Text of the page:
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Olympian Gracie Gold opens up about body standards, pressure in figure skating

Gracie Gold takes a break from training for the 2018 Winter Olympics to talk about body image and the pressure she faces in her sport.
/ Source: TODAY

Olympic figure skater Gracie Gold makes it look easy on the ice — but the 21-year-old admits that her life is anything but. Her honesty — about everything from body image pressure to self-help — has inspired us to honor her as a 2017 TODAY Style Hero.

Gracie Gold has a lot on her plate right now: She's currently training for the 2018 Winter Olympics, coming back from a difficult season and a change in coaches earlier this year, all the while dealing with the everyday pressures that come from being a young woman in America.

She's well aware of the body standards that society, and her sport, have placed upon her.

ISU Grand Prix of Figure Skating - Paris Day 2, Gracie Gold
Gracie Gold competes in the Trophee de France ISU Grand Prix of Figure Skating on November 12, 2016 in Paris.Joosep Martinson / Getty Images

"Definitely athletes in the spotlight — figure skaters, especially — are under pressure to fit a certain mold, and fit a certain body type," Gold, who currently lives in Canton, Michigan, told TODAY Style. "It's really easy to be critical of ourselves in that way ... oh, this person's arms look a little bigger. It's easy to start playing that game. But people have different builds. I think a lot of athletes struggle with that."

Last year, Gold appeared to, at least partly, blame her weight for her fifth-place finish at Skate America, in an interview with USA Today. While some fans were surprised by her comments, Gold stands by what she said: Figure skating is a "lean-body sport."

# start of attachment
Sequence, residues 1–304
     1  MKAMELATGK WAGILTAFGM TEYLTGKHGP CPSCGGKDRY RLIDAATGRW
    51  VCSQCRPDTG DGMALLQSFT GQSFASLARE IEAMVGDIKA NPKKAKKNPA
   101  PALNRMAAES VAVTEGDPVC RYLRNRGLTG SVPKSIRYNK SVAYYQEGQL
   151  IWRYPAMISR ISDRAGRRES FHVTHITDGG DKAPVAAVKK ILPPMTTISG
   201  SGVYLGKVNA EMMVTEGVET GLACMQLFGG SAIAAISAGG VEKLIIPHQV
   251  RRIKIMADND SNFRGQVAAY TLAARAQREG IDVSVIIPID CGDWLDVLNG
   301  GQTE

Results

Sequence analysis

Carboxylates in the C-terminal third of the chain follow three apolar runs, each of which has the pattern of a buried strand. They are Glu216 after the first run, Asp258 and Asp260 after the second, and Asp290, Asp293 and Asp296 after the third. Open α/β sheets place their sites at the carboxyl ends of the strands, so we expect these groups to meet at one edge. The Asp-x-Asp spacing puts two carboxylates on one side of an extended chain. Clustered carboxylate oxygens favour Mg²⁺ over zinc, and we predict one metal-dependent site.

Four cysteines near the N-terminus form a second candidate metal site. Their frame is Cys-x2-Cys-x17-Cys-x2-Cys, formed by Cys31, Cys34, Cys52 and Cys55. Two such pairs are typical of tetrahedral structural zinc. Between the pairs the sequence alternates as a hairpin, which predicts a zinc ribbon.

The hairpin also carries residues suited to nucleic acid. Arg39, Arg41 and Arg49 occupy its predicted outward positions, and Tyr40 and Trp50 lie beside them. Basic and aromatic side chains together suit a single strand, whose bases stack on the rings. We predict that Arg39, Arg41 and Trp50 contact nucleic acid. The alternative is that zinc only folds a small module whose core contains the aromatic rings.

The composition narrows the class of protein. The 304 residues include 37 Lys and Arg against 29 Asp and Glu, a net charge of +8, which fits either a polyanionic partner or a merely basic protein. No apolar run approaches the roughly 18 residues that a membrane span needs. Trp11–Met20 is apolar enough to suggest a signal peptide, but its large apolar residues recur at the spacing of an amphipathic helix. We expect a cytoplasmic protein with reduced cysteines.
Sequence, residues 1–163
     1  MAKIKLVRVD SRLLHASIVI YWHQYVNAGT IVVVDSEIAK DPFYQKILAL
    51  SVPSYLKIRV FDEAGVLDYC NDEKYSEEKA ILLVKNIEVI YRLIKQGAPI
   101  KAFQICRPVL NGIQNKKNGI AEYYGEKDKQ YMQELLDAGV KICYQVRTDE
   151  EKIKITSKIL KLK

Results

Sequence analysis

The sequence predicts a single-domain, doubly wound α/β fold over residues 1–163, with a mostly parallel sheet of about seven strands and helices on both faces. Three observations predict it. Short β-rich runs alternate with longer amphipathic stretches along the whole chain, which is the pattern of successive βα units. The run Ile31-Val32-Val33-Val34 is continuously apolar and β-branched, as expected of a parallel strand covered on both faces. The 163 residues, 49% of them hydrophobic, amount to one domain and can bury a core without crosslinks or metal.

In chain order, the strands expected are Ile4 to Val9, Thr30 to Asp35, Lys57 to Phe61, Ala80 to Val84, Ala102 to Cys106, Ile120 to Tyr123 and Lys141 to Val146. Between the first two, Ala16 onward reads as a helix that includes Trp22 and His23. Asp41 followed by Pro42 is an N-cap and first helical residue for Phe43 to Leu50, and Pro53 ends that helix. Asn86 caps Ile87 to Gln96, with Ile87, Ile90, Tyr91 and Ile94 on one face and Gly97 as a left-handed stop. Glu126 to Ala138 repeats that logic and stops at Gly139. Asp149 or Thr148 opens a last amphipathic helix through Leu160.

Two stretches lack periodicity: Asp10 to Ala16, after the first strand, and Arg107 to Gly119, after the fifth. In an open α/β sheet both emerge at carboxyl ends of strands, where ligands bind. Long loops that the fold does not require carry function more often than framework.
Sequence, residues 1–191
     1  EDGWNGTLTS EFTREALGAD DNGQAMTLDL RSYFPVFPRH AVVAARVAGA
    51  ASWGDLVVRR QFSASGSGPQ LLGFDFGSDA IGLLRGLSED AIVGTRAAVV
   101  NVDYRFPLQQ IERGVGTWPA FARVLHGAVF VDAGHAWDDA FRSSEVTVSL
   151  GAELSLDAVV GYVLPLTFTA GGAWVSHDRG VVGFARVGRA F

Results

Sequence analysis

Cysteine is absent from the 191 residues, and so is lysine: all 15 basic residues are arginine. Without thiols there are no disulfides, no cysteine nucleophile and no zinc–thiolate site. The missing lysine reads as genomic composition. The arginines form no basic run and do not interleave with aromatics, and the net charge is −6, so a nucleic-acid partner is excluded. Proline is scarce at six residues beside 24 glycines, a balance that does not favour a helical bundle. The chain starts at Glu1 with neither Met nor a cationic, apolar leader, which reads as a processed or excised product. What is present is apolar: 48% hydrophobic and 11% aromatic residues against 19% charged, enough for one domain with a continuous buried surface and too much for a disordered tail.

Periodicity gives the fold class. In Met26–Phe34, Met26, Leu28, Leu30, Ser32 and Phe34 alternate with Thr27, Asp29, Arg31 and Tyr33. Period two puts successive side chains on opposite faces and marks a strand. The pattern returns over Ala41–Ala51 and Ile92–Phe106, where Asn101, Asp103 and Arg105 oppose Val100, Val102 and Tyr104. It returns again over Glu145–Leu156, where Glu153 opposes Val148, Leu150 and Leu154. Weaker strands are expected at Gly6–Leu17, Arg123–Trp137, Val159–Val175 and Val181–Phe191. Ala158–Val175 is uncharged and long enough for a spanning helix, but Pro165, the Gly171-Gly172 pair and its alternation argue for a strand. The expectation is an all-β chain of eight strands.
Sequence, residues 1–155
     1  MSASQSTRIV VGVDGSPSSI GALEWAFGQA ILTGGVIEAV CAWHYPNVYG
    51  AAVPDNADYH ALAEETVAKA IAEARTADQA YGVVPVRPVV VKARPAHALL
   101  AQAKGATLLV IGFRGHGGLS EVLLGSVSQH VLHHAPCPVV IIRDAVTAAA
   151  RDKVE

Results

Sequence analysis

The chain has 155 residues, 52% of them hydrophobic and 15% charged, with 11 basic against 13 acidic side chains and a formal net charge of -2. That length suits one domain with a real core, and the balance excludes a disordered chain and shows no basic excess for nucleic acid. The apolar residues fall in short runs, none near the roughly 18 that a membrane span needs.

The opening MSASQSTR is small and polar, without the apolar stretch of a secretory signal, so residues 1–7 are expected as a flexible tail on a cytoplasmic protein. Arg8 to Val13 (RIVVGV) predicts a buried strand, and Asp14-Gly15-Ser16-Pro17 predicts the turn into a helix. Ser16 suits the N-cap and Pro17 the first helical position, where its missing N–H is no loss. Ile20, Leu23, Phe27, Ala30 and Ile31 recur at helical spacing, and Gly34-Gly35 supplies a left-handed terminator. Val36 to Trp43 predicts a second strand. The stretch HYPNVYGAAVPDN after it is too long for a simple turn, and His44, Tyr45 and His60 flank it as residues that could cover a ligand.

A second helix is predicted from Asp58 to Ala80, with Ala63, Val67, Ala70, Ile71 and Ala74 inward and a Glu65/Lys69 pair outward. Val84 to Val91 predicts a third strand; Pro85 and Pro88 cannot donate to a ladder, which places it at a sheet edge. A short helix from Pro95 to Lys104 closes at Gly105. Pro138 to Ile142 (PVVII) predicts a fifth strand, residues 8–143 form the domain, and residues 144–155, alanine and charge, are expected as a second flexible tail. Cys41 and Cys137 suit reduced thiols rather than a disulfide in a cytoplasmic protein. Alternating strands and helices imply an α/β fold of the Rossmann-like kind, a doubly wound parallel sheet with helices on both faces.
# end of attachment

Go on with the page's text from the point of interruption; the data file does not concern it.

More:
"I just found it interesting that everyone kind of gasped at that, because we don't talk about it very much in skating, although it's a very real fact that there is a certain look to our sport," she told TODAY Style. "It's important for our sport to be rather wiry and lean because of what we do."

Gracie Gold
Gold is currently training for the 2018 Winter Olympics. Brinson+Banks, Stockland Martel / Red Bull Content Pool

"A lot of us struggle with (weight issues)," she added. "And maybe it's a bit closeted — I don't want to speak for all figure skaters. But I don't blame the sport for it. I think that we all have to take responsibility for ourselves. That's the game I got into, and it comes with the territory."

That's not to say that she isn't an advocate for healthy body image: It's something she works toward.

"It can be a lot, the perfect, airbrushed models and the Hadids and the Jenners," Gold said. "But I think you just have to let it go. You just have to be the best you. I just look at myself and try to be better. The more you look at other people, the more unhappy you'll be."

ISU World Figure Skating Championships 2016 - Day 7, Gracie Gold
Gracie Gold performing in Boston last year. The 21-year-old is on the ice three to four hours a day, five days a week in preparation for the upcoming games. Maddie Meyer / Getty Images

Gold also responded to TODAY Style's "Why I Love My ... " series, in which we ask celebrities, athletes and people we admire to tell us what they love about their bodies, in an attempt to encourage acceptance and confidence.

"I decided to answer, 'I love my legs,' because I used to hate them," Gold said. "And a lot of times I still do hate them. However, I'm learning to love them. I love them most of the time. But sometimes, I think, oh, they're too big, they don't look like the legs you see in the magazines. But I love how strong they are. They can lift a lot. They can run far. I love how powerful they are."

And in these crucial months leading up to the Winter Games in Pyeongchang, South Korea, she needs that power. Gold, who spoke to TODAY Style on behalf of Red Bull, is on the ice five days a week, for three to four hours a day, in addition to weight lifting and cardio throughout the week.

It's a tall order, that's for sure, but for Gold, who has been skating since she was 8 years old and won a bronze medal at the Winter Olympics in 2014, it's just what has to be done to compete in the sport she loves so much.